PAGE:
Norway, the country of the fiords and of the Aurora Borealis.
The Lofoten Islands, the archipelago of the above mentioned plus the paradise of photographers. We wanted to make sure they had earned their fame on fare grounds or it was just a concoction of the online.
We had been planning to visit the northern countries for a long time, until one day when we made our decision and bought the tickets.
We chose March because night and day are equal and we could see the view during the day and the aurora at night. Another alternative would be September – October.
We had time on out hands and we also wanted to get by with as little money as possible, so we didn’t choose a direct flight, but one with two stopovers – one in London and one in Oslo. I remember that on our way back, we stayed for 10 hours in Oslo (luckily it was night and we slept at the “prayer spot” in the airport) and then for another 10 hours in London.
As for accommodation, things got a bit complicated, it was rather expensive and we had to stay in the same place for a longer period of time in order to get a little discount. It didn’t suit our travelling style at all, so we starting to think of alternatives. It was March, bitterly cold and snowy, so a tent was out of the question, not to mention that we had purchased a ticket that allowed us only hand luggage.
What we needed was a car – as public transport was unreliable, rather infrequent and did not covered the more isolated spots. To us what really mattered were those isolated spots and not the places targeted by most tourists.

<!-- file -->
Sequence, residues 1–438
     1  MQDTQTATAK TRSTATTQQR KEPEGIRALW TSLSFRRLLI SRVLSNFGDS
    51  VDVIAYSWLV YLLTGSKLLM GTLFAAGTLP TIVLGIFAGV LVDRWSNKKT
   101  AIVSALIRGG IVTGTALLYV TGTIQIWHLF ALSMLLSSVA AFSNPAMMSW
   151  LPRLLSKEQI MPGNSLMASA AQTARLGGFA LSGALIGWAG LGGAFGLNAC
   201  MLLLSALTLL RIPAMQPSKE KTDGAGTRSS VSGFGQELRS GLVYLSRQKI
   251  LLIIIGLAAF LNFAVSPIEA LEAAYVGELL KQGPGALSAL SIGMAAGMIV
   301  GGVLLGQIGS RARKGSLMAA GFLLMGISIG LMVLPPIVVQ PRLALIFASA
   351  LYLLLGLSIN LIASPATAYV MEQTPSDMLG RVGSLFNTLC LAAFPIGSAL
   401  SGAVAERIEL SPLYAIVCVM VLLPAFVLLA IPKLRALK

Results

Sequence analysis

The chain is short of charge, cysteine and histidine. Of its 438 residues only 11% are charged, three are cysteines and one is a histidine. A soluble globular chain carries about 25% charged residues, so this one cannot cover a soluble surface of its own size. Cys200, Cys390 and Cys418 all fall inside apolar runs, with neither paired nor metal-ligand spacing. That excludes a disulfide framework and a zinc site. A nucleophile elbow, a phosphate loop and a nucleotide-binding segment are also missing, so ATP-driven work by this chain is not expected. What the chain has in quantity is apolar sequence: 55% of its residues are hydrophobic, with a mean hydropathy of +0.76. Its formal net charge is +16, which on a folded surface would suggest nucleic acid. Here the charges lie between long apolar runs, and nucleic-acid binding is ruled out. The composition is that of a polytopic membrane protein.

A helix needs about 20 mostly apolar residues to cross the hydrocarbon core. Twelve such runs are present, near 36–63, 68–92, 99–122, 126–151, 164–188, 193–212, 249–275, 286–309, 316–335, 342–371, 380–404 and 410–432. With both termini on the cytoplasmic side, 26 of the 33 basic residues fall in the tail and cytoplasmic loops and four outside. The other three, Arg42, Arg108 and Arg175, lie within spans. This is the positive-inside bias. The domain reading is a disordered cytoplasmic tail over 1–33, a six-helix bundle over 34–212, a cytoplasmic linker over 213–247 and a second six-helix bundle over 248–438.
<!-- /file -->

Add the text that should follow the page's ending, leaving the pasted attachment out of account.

Hitchhiking wasn’t a good idea, our thumbs would have frozen, that’s for sure! In other warmer countries where we had travelled before, hitchhiking proved to be really interesting, in each car there was a different life story.
It was Vlad who came up with the idea. Let’s rent an estate car and sleep in it. At the worst opportunity, if it gets too cold, we can leave the heat on all night and we still get it cheaper. Great, we found something at a reasonable price (that is to us still overpriced, but cheap for Norway) and we also found the solution to include our sleeping bags in our hand luggage, because they took much space in our backpacks – we simply carried them as small handbags, they were exactly the acceptable size.
There was also a plan B, to be able to have a shower now and then, we had talked with some locals on couchsurfing (a site for free accommodation with welcoming people) to stay with them.
Apart from that, there were also public baths with heating and hot water (but no showers) scattered around the islands.
Once we got there, they gave us an automatic car. Neither of us had ever driven such a car and the manual was written only in northern languages unknown to us – but google saved us!
It snowed almost uninterruptedly in the first 3 days. When the sun came out for 2-3 minutes, I simply dashed out to take photos.
No trace of the Aurora Borealis!
We had only 4 days left and I couldn’t see any yellow-greenish, blue or any other colour, except for grey and black in the sky.